But Middleton’s family doesn’t believe that story. His mother, Ceola Walker, 77, told CNN that her son was holding his car keys with a small flashlight on the key chain. She does not believe he lunged at deputies.

“I don’t believe that. He said he didn’t. I don’t believe that,” she said.

She says her son is incredibly lucky.

“They could have hit his upper body, but they didn’t ….God just shielded him. I know he did, cause they was trying to kill him,” she said.

Andre Lauzon, who lives next door and witnessed the incident, said it lasted less than 30 seconds.

Deafening gunfire

He was out smoking a cigarette on his front lawn when the deputies arrived, he said. His view was obscured by darkness, and at one point he lost sight of Middleton.

But the sound of gunfire, he said, was deafening.

“I’m very surprised that all they did was hit him in the leg,” he said.

Timeline, lab analysis

Lauzon says his neighbor may have had trouble getting down to the ground because he was standing between his car and the wall of the carport.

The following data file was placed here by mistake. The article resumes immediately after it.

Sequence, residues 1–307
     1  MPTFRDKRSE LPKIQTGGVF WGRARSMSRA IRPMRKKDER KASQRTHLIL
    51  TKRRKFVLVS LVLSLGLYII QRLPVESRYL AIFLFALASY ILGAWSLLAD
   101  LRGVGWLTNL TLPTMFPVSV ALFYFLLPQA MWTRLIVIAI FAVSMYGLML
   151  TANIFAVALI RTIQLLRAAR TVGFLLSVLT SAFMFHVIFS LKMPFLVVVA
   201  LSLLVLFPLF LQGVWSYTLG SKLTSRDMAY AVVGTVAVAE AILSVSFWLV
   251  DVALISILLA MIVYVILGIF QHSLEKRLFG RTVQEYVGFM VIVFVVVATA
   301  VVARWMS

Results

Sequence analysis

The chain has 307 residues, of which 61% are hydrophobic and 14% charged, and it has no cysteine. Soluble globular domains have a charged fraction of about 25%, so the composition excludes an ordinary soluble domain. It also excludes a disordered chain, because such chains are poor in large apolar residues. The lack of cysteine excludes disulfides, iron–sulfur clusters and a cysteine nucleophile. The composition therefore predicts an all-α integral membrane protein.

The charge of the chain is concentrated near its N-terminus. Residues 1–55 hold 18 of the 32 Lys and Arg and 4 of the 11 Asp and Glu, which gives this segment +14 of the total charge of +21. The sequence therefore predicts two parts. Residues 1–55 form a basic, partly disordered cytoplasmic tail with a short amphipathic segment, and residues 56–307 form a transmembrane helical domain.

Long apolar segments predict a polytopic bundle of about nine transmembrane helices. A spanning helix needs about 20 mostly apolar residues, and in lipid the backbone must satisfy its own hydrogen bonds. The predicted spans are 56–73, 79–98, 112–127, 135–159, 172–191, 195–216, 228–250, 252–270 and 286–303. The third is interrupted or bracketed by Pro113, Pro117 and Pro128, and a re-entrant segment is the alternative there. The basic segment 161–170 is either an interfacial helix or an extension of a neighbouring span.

“I don’t have any doubt — even not being able to see what was going on — that he was complying with them,” he told CNN. ” Maybe not in the time frame that the officer was looking for — but it seemed he was complying.”

The Florida Department of Law Enforcement has taken over the investigation — at the request of the Sheriff’s Office.

“FDLE investigators are developing a timeline and conducting interviews and crime laboratory scientists are conducting lab analysis,” Gretl Plessinger, a spokeswoman for the agency, said in a statement. “Once our investigation is complete, FDLE will provide the case to the state attorney’s office. The state attorney will determine whether or not any laws were broken.

Walker said her son takes pain medication for a bad back. The investigation will determine whether that played a role in the incident.

“The message to the public is this was a tragedy,” Morgan said. “And it was a tragedy because we had an individual, a citizen, who for whatever reason, either impairment due to alcohol or drugs, or just taking it upon himself not to be compliant to following basic direct orders.”

But his mother disputes the sheriff’s theory that her son was a suspect and a victim at the same time.